Tennessee

Shelby County Schools, private funders eye Crosstown high school for midtown Memphis

PHOTO: Micaela Watts
Crosstown Concourse, a building being redeveloped in midtown Memphis, is the site of a proposed selective high school.

Months after a charter network abandoned its plan to open a new school in a prominent midtown Memphis development, the district has another proposal for the space — a selective school that would appeal to the city’s middle class.

Crosstown High School would serve as a college prep school designed for students who perform on or above grade level on state tests, according to a proposal that the Shelby County Board of Education is scheduled to discuss for the first time Tuesday evening.

The proposal is a change of direction from an earlier plan by Gestalt Community Schools, which was named a year ago as a future tenant for the Crosstown Concourse development. The high-performing charter network, which pulled out of the deal last fall, focuses on serving students from poor families and does not screen students by ability.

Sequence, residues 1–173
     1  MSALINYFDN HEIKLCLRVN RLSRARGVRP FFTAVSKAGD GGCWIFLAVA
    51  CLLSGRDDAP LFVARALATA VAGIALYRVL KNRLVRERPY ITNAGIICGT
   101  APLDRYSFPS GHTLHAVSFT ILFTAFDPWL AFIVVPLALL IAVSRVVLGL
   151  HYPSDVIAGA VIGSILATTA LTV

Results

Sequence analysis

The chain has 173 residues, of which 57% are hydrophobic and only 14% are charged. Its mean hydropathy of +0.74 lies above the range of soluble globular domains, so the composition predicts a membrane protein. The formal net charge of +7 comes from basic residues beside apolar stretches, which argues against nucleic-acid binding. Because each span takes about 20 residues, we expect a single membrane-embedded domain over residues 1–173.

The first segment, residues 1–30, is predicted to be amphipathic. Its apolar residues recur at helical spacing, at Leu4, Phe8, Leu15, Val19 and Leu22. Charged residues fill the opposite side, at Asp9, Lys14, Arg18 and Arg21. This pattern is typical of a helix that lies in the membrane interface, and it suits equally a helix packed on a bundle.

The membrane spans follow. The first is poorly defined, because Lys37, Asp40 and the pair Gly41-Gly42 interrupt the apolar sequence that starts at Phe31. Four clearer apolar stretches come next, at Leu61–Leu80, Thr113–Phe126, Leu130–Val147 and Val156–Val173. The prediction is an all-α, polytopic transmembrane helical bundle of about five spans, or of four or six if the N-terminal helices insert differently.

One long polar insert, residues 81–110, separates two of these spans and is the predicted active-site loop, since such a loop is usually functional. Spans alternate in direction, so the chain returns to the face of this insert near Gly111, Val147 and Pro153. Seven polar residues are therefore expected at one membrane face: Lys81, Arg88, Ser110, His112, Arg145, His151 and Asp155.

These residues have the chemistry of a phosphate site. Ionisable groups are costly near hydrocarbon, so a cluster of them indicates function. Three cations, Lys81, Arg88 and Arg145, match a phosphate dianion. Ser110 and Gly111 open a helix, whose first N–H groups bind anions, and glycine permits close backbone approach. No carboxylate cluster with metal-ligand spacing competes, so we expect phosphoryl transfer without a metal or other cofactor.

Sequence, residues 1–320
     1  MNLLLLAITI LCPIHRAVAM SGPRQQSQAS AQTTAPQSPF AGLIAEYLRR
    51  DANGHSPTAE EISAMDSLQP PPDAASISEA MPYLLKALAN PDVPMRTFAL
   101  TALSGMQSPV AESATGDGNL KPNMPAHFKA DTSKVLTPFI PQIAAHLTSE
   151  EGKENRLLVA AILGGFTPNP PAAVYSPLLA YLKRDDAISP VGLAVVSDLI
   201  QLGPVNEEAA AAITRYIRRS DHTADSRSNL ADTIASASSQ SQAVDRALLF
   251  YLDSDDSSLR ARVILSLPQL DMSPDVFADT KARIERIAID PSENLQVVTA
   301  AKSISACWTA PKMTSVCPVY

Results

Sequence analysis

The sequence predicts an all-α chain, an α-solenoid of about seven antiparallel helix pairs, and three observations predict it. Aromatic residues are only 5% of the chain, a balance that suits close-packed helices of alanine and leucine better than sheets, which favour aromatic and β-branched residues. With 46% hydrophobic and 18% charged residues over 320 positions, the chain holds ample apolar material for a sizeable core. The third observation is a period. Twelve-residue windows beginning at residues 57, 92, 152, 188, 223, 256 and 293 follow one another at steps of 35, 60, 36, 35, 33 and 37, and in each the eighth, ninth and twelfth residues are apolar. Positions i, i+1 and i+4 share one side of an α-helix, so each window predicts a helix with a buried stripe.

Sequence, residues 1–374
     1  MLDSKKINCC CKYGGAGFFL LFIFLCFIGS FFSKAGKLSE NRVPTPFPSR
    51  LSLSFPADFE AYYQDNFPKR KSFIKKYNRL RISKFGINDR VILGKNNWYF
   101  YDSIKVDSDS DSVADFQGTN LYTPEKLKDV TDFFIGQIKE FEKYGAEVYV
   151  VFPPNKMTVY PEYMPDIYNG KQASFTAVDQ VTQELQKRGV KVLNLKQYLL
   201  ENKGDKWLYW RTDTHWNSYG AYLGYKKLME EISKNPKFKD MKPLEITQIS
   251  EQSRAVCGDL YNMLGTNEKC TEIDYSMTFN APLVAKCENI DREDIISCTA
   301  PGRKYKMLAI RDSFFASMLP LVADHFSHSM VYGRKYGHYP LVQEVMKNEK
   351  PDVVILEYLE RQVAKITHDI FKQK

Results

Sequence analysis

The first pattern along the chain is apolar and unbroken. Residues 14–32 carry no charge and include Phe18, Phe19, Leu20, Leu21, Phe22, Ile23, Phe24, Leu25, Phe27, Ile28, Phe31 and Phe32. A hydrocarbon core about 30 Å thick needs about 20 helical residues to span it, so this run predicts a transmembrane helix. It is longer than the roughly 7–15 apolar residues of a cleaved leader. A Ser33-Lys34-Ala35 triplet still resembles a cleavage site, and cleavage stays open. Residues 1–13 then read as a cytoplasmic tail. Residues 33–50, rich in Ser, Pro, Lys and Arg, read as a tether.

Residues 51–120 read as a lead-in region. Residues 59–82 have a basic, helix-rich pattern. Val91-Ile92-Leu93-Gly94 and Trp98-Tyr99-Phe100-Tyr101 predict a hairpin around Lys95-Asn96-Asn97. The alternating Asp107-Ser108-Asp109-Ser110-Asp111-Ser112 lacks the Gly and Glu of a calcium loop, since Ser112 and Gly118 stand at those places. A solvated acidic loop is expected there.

It also would represent a new direction for the school board, which for years has focused almost exclusively on efforts to improve Memphis’ lowest-performing schools. Those efforts have included overhauling some struggling schools and ceding others to charter operators, causing the district to lose students and the state funding that follows them.

In part because of those efforts, the educational landscape in Memphis is becoming increasingly competitive and the district needs “as many good programs as it can” have, said board member Chris Caldwell, who serves the city’s midtown neighborhoods.